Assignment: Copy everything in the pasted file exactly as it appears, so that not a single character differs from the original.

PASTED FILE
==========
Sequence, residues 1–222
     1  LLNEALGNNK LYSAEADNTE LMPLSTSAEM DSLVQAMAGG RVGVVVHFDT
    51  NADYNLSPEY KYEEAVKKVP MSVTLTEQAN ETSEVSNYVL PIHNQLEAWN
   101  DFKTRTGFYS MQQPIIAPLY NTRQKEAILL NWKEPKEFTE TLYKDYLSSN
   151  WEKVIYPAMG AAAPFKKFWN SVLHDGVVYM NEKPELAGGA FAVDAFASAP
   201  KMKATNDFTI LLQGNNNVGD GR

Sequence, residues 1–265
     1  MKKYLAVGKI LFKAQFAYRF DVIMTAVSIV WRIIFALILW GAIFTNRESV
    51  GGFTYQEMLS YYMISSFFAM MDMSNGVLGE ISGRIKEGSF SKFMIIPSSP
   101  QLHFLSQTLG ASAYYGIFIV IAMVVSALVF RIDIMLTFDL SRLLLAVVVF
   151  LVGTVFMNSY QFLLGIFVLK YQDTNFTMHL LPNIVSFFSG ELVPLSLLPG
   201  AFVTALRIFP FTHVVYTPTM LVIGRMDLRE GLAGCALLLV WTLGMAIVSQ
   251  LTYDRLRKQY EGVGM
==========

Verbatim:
Sequence, residues 1–222
     1  LLNEALGNNK LYSAEADNTE LMPLSTSAEM DSLVQAMAGG RVGVVVHFDT
    51  NADYNLSPEY KYEEAVKKVP MSVTLTEQAN ETSEVSNYVL PIHNQLEAWN
   101  DFKTRTGFYS MQQPIIAPLY NTRQKEAILL NWKEPKEFTE TLYKDYLSSN
   151  WEKVIYPAMG AAAPFKKFWN SVLHDGVVYM NEKPELAGGA FAVDAFASAP
   201  KMKATNDFTI LLQGNNNVGD GR

Sequence, residues 1–265
     1  MKKYLAVGKI LFKAQFAYRF DVIMTAVSIV WRIIFALILW GAIFTNRESV
    51  GGFTYQEMLS YYMISSFFAM MDMSNGVLGE ISGRIKEGSF SKFMIIPSSP
   101  QLHFLSQTLG ASAYYGIFIV IAMVVSALVF RIDIMLTFDL SRLLLAVVVF
   151  LVGTVFMNSY QFLLGIFVLK YQDTNFTMHL LPNIVSFFSG ELVPLSLLPG
   201  AFVTALRIFP FTHVVYTPTM LVIGRMDLRE GLAGCALLLV WTLGMAIVSQ
   251  LTYDRLRKQY EGVGM